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Instrument tip: Uncontrolled departureInstrument tip: Uncontrolled departure

Taking off IFR without a tower

There’s a requirement in private pilot training that a student must get experience at an airport with an operating control tower. The reasons are obvious. Learning to use the radio, how to work into a traffic flow, and follow ATC instructions are essential skills.
Advanced Pilot

Using that logic, an instrument student should be required to depart IFR from an airport without a control tower during training. As a skill it isn’t particularly hard, but the procedures can be mystifying if you aren’t exposed to them.

The steps involved in departing IFR from a nontowered airport—or a towered airport when the tower is closed—are somewhat similar to those at a towered airport. You get weather, obtain a clearance, call on the radio when departing, and then check in with departure control. The primary difference is in how the clearance is obtained. There are three basic methods.

  1. Use a remote communication outlet. This is the easiest way to get a clearance on the ground from a nontowered airport, if one is available. Call up approach control or flight service on the RCO and they will provide you with the clearance, a release time, and a clearance void time. These are distinct elements. The clearance will be similar to any other ATC route and altitude clearance. A release time is ATC’s permission to depart from the airport. It’s often immediate, such as “November Two-Three-Alpha is released,” although sometimes it’s in the future, such as, “November Two-Three-Alpha released at 1200Z.” The release time is necessary because in order for you to depart the nontowered airport, ATC must clear the airspace of other instrument traffic. If it’s busy you may have to wait until clearing the airspace is possible. The void time is an upper limit on the departure, for the same reason—they can’t hold the airspace forever. Approach or flight service will say something like, “Clearance void if not off by 1210Z. Time now 1200Z. If not off by 1210Z contact New York Approach on one one eight point nine with intentions.” If you don’t take off by the void time, it’s important to do as the clearance says and contact the facility as soon as possible to obtain a new clearance.
  2. Call on the phone. The steps for this method are the same for an RCO, with the only difference being that you reach clearance delivery by phone instead of through the airplane radio. With a Bluetooth-enabled headset this method isn’t hard. But without it, you must either call before starting up, which can make the clearance void time tight, or you have to shout and strain to listen while the airplane is idling. Neither is desirable.
  3. In the air. Assuming the weather is nice, there’s nothing stopping you from taking off VFR, calling the nearest approach facility, and requesting your clearance in the air. However, as one of flying’s many paradoxes, this is both the most convenient method and the one most fraught with problems. Most important, you must be sure the weather is VFR and you can maneuver safely. If ATC is busy, can’t receive your transmissions down low, or your flight plan is lost, it can take 15 minutes or more to pick up the clearance. In good weather that’s no problem. But in poor weather it’s a recipe for an accident. Any experienced instrument pilot can tell you a few stories about circling below a layer, trying to avoid certain airspace, or some other highly saturated task scenario while waiting to obtain a clearance in the air.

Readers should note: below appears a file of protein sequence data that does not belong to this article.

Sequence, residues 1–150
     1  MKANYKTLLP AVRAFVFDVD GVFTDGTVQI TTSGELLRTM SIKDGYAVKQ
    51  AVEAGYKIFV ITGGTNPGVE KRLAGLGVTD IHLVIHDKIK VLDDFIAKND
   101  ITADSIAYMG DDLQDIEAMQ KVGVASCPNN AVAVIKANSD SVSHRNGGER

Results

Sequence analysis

If you decide to get the clearance on the ground you can find the most efficient way to do so in the FAA chart supplement. The airport listing will specify the RCO frequency and facility, if one exists. Or you can use the listing for the clearance delivery phone number included in every nontowered airport entry. Most flight planning apps have this information as well.

The steps involved in departing IFR from a nontowered airport are somewhat similar to those at a towered airport. The primary difference is in how the clearance is obtained.The primary dilemma in getting a clearance on the ground is when to call for it. Doing so at the ramp means you can listen and copy with your full attention, and not have a delay on departure. But the downside is that you may have to hustle to make the clearance void time. Take off after that time into weather and you’ve broken some regulations. As an alternative you can wait until you are near the end of the runway and completely ready to go, but then you could be waiting, and if you’re at the hold-short line, likely blocking other traffic. There’s no right answer to this. You’ll learn through experience what works best for you.

Although we usually think of departing IFR from a busy tower-controlled airport, the system is very flexible and set up in such a way that you could take off into the clouds from a grass strip in the country almost as easily as you could from a major international airport.

ian.twombly@aopa.org

Ian J. Twombly

Ian J. Twombly

Ian J. Twombly is senior content producer for AOPA Media.

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